"face the music" from "face the music of war"

Gerald Cohen gcohen at UMR.EDU
Wed Jul 3 14:31:40 UTC 2002

    I believe two parts of what James Landau writes can fit nicely together:

1) the MOA attestation of "face the music of war": "Battle of Buena
Vista," in _Southern Quarterly Review_, vol. 3, issue 5, 1851,
pp.146-189. Page 171 contains: "Before these dispositions were
completed, the Mexicans made their appearance--halted beyond the
range of our fire--perceived our resolution to face the music of
war--and prepared at once for the conflict."

2) facing the music of an advancing army (in an attack)--drums,
fifes, bagpipes, whatever.

    So "face the music (of war)" and "bite the bullet" (Civil War
soldier about to be operated on without anesthesia and given only a
soft-lead bullet to bite)
seem to be two expressions that spread beyond their original military
context to the more general one of: prepare to face or do something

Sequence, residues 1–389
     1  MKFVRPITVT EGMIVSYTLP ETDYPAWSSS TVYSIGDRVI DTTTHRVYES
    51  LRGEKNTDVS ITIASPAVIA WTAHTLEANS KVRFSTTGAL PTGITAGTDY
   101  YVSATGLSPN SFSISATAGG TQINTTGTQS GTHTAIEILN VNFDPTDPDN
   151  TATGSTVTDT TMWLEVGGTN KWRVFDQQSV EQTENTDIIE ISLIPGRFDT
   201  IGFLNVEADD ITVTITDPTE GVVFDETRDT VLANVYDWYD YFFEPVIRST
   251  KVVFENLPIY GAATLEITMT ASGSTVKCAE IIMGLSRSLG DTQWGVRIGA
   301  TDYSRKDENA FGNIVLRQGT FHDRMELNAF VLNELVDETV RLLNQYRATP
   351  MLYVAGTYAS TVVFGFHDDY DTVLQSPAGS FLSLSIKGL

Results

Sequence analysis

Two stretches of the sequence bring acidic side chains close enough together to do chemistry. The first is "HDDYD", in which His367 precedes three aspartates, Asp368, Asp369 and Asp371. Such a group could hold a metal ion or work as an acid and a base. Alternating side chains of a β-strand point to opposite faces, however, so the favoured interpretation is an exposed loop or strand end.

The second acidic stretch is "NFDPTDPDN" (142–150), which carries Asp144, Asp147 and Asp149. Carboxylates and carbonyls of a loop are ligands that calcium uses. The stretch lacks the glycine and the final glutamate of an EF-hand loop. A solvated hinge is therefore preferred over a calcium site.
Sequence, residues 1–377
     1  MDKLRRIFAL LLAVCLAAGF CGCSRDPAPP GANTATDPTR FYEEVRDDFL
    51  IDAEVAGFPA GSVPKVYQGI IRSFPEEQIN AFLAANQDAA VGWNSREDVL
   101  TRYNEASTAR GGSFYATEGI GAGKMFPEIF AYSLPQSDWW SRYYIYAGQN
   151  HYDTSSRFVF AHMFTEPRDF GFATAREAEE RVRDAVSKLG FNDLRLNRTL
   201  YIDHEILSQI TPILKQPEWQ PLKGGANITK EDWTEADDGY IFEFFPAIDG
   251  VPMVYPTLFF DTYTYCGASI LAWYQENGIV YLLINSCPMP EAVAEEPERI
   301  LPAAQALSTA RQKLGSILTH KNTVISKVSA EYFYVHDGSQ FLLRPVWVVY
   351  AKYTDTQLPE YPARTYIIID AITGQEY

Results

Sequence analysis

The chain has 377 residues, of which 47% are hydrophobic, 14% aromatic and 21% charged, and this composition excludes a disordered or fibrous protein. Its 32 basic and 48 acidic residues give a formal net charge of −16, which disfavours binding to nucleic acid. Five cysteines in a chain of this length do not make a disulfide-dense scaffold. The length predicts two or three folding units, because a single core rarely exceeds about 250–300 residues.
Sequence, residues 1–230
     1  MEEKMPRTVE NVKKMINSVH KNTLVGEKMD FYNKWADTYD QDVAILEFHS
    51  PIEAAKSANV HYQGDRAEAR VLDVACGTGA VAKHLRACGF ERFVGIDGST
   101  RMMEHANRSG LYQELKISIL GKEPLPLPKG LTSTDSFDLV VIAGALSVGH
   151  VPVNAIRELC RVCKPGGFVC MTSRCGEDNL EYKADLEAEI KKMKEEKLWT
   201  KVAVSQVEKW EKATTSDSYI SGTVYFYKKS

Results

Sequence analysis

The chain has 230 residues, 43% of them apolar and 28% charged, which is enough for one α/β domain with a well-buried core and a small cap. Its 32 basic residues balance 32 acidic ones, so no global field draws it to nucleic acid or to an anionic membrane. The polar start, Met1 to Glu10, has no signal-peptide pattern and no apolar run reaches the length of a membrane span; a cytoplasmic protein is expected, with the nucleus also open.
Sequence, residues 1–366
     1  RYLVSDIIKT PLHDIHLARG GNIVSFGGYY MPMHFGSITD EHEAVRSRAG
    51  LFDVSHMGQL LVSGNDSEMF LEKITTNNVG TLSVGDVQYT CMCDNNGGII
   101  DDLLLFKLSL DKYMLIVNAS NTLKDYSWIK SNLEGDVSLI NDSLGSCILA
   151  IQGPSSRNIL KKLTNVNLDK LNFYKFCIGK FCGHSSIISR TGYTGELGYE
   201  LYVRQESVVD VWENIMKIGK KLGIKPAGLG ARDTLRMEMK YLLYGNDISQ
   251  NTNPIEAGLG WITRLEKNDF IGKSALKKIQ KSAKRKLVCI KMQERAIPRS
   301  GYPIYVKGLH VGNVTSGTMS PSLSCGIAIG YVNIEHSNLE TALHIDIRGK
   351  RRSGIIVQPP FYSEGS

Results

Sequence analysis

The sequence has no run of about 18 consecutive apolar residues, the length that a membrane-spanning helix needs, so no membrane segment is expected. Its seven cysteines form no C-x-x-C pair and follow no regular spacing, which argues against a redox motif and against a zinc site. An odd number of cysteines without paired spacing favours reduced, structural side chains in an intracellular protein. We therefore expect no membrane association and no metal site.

very unpleasant.

Gerald Cohen

>At 9:37 AM -0400 7/3/02, James A. Landau wrote:
>In a message dated 7/3/02 2:34:25 AM Eastern Daylight Time, Bapopik at AOL.COM
>>     "Face the Music" is from the Spanish American War (1840s).  As I posted
>>  here before, it's in the Making of America (Michigan periodicals) database.
>The Making of America database, periodicals section, (it's from the
>University of Michigan rather than being restricted to Michigan periodicals)
>has three hits from the 1850's on "face the music."  Two involve the Mexican
>War (not the Spanish-American War, which was 1898).  One is metaphorical: in
>a description of the Battle of Buena Vista, the soldiers "face the music of
>war". [snip]
>Conclusion:  "face the music" was a cliche by the early 1850's, and the MOA
>periodicals database offers no clue how or where or when the phrase
>Now for a suggestion:[snip]
>My suggestion is that in some English-speaking Army (the British Army with
>its bagpipers is a strong possibility) there was a situation in which
>soldiers were in a state of danger and had orders to face the music, or more
>exactly, the musicians.  Two possibilities: an 18th Century army might have
>bagpipers or other musicians who led an advance towards the enemy, or a
>court-martial might have a drummer whom the accused had to face.
>      - James A. Landau

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